Video | Agriculture | Confidence | Economy | Energy | Employment | Finance | Media | Property | RBNZ | Science | SOEs | Tax | Technology | Telecoms | Tourism | Transport | Search


The question on employees’ lips


10th September 2012

The question on employees’ lips: should I stay or should I go?

A recent survey from SEEK New Zealand has revealed that Kiwis like to change their jobs regularly with 51% of people starting their most recent role less than two years ago, while almost half of those surveyed (43%) are planning to jump ship to a new job within the next 12 months.

And with only 16% of people intending to stay in their current role for the next five years, it appears length of service at a company could be a thing of the past.

Janet Faulding, SEEK New Zealand General Manager, says regardless of the length of time an employee stays in one role, there can be equal benefits in being loyal to one company compared to changing roles frequently across a number of different companies.

“The varied CVs of those who move from company to company more quickly than others can be read as an example of their ability to learn and adapt, to be resilient and to be more proficient at networking. On the other hand, longer tenure in roles can indicate stickability and commitment, which is also a valuable asset to have,” says Ms Faulding.

James Logan, company director at Energy Efficient Solutions (EES), a heating specialist business based in Auckland, says that commitment to one company is a key factor he considers when employing new staff.

Despite being a relatively young company, most EES employees have stuck with the company since they started.

Mr Logan says, “Fundamentally, our employees all possess some skill set and ambition but we’d rather hire loyal staff, rather than those with a variety of experience.”

Ewen Bell, practice manager at Datacom NZ, an IT services company with 4,000 employees which operates in New Zealand, Australia and Asia, says there is no ideal length of time for an employee to stay within a company.

“There can often be sound reasons why someone may spin out of a job in less than two years - anything from redundancy, the company being financially shaky or the role not being the one they were sold,” says Mr Bell.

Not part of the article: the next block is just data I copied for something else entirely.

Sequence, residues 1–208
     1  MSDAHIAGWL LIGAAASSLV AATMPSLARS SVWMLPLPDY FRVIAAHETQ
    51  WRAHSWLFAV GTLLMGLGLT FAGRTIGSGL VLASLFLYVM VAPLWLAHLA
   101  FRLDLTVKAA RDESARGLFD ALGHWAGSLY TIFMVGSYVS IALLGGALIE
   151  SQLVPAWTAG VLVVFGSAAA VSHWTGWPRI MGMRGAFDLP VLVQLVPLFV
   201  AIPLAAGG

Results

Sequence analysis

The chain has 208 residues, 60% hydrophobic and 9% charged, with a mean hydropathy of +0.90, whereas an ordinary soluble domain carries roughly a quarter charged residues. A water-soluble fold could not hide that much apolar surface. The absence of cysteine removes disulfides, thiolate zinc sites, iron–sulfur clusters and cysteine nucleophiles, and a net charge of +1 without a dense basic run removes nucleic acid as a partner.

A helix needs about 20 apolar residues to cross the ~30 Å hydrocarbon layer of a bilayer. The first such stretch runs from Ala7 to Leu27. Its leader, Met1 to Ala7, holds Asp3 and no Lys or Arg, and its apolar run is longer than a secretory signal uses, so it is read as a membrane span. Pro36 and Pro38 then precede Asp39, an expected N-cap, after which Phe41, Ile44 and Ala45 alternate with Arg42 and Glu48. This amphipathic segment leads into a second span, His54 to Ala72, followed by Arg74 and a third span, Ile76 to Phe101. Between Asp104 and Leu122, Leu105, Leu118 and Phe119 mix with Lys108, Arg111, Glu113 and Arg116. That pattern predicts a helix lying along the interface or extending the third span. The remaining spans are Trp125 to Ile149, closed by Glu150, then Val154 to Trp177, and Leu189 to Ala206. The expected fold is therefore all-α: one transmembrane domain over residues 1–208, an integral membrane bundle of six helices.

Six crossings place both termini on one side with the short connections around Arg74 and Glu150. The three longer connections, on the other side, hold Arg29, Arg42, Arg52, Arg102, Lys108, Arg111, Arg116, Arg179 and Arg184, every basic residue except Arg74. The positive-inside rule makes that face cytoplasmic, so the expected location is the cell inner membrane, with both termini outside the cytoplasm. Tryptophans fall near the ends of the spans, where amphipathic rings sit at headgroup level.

“When recruiting new employees, we’re comfortable with an applicant having spent a couple of years in a role before moving on. We do however put a lot of effort into providing a work environment that simply allows our people to get on with it and do the best they can. There is any number of people in our team that started as graduates 8 – 10 years ago, and who are still happily ensconced in Datacom.”

For those who are contemplating whether or not to stick it out in their current role, or move to greener pastures, Ms Faulding has this advice:

“If you do have a higher number of shorter stints under your belt, make sure your CV outlines how you’ve substantially contributed to each relevant company that you’ve worked for. It also helps if you have one great achievement from your time at each company to discuss in your next job interview.”


© Scoop Media

Business Headlines | Sci-Tech Headlines


FIRST Union: Do Shareholders Realise Marsden Point Conversion Could Cost More Than Half A Billion Dollars?

FIRST Union, the union representing workers at Refining NZ, are querying whether shareholders voting on Friday on whether to convert the Marsden Point refinery to an import-only terminal realise the conversion could cost $650-700 million dollars... More>>

Civil Contractors: Massive Rebound In Civil Construction Business Confidence

New Zealand’s civil construction industry is riding a massive rebound in post-pandemic business confidence – but this may be undermined by skills shortages, which continue to be the industry’s number one challenge... More>>

Energy: Feeling Our Way Towards Hydrogen - Tina Schirr

Right now hydrogen is getting a lot of attention. Many countries are focusing on producing hydrogen for fuel, or procuring it, or planning for its future use... More>>

ASB: New Support Finder Tool Helps Connect Customers With Thousands In Government Support

ASB research alongside benefit numbers from the Ministry of Social Development shows an increased number of Kiwis are struggling financially, and many may not be aware they’re eligible for government support... More>>

Housing: New Home Consents Continue To Break Records

A record 44,299 new homes were consented in the year ended June 2021, Stats NZ said today. “The annual number of new homes consented rose again in the June 2021 year, the fourth consecutive month of rises,” construction statistics manager Michael Heslop said... More>>

Real Estate: June Home Transfers Remain High
There were 44,517 home transfers in the June 2021 quarter, the highest June quarter figure since 2016, Stats NZ said today. The number of home transfers was very similar to the March 2021 quarter and was up 18,252 from the June 2020 quarter... More>>